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Priest sues NHS trust for negligence after Ockenden report

08 April 2022


The Revd Charlotte Cheshire with her son, Adam, at their home in Newport, Shropshire, last week

The Revd Charlotte Cheshire with her son, Adam, at their home in Newport, Shropshire, last week

WHEN the Revd Charlotte Cheshire’s newborn son, Adam, fell ill with a Group B streptococcus infection, she blamed herself. The infection can be passed from mother to baby during birth, but, if spotted, can be treated quickly. In Adam’s case, Mrs Cheshire’s concerns about her son were dismissed for crucial hours until he was so ill that he had to be rushed into intensive care and placed in an induced coma.

He survived, and the staff at Shrewsbury and Telford Hospital NHS Trust referred to him as the “miracle baby” when he was sent home after 23 days, with no medication. This added to Mrs Cheshire’s sense that hospital staff had saved Adam’s life, and she and her husband, Chris, felt nothing but gratitude at first to the staff who had cared for him.

Over the next few years, the severe health problems that he had been left with became apparent. He has vision and hearing impairment, is diagnosed autistic, and has learning difficulties.

Eleven years later, and with last week’s publication of the Ockenden report on the catastrophic failures at the Trust which led to the death or serious disability of 300 babies, and at least 12 mothers, it is only now that Mrs Cheshire and other families have realised the extent of the scandal that cost so many lives.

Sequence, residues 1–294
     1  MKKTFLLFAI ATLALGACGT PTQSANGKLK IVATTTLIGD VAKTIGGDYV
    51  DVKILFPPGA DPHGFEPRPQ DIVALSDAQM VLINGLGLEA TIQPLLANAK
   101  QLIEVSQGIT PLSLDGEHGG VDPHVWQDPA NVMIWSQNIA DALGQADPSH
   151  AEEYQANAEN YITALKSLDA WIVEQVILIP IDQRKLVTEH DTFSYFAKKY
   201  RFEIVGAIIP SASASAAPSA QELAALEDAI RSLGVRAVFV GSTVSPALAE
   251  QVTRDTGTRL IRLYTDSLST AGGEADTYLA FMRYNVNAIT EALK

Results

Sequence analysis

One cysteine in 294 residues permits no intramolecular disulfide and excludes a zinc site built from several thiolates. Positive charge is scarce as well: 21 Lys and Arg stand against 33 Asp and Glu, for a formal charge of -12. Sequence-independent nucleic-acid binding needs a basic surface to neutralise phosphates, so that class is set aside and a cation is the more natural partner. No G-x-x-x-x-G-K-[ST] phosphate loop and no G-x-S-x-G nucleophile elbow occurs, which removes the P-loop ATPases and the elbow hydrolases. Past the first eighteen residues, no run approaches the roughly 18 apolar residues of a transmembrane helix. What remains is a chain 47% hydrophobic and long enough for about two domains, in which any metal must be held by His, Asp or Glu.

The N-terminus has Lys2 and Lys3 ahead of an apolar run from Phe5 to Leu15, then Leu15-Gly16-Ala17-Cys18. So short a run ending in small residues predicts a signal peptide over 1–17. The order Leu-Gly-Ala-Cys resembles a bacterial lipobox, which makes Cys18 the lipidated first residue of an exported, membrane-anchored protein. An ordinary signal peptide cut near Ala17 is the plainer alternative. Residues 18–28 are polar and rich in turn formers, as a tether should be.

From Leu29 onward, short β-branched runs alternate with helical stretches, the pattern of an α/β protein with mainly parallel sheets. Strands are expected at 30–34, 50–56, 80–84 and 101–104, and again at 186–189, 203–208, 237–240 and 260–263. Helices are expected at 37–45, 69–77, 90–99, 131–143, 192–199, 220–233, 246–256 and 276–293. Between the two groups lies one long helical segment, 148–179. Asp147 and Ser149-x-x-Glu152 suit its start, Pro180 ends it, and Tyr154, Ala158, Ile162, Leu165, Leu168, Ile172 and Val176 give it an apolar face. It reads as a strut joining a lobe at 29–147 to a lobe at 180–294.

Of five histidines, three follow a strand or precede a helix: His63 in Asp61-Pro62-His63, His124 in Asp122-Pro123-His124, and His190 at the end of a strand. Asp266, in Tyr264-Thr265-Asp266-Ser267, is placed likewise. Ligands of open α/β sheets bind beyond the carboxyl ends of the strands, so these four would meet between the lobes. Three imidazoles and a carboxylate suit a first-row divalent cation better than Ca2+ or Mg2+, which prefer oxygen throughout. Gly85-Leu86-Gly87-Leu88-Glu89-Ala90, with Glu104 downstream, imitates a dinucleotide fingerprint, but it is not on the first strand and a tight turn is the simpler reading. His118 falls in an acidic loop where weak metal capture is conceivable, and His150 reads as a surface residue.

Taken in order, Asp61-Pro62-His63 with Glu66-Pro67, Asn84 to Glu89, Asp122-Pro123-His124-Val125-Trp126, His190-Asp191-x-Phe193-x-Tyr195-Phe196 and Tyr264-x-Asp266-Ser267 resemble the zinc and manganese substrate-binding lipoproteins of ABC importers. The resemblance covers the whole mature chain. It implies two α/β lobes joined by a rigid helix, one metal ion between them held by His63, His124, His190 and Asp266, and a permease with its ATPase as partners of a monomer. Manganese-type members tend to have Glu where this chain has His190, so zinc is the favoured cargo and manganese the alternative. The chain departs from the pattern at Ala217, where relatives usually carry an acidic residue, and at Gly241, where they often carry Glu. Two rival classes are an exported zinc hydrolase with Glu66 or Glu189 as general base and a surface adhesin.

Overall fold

Mrs Cheshire said: “When we were discharged — me after 18 days, and Adam after 23 — staff referred to him as the miracle baby, and it really reinforced the idea they had saved his life.

“I didn’t have a sense, at first, the hospital had done anything wrong — if I held anyone responsible, it was actually me. I blamed myself, because Group B strep. lives in the woman’s body. I was so grateful to the hospital for saving my son’s life. My late husband even did a sponsored walk to raise money for the NICU [neonatal intensive-care unit], raising over £4000.

“I was in survival mode for three years. I couldn’t ask the question ‘Why did he get sick in the first place?’ In 2014, three years later, it was a friend who asked if I had thought about contacting a solicitor. I was quite angry and offended at first. But later, I approached the strep B charity to find a solicitor.

“I felt guilty that I was being ungrateful, after years of feeling grateful. I started looking back and asking questions about those crucial hours. I even questioned whether vicars were allowed to sue their local hospital.”

She is now suing the trust for medical negligence, but the case will not go to court until next January. The trust is still denying any liability.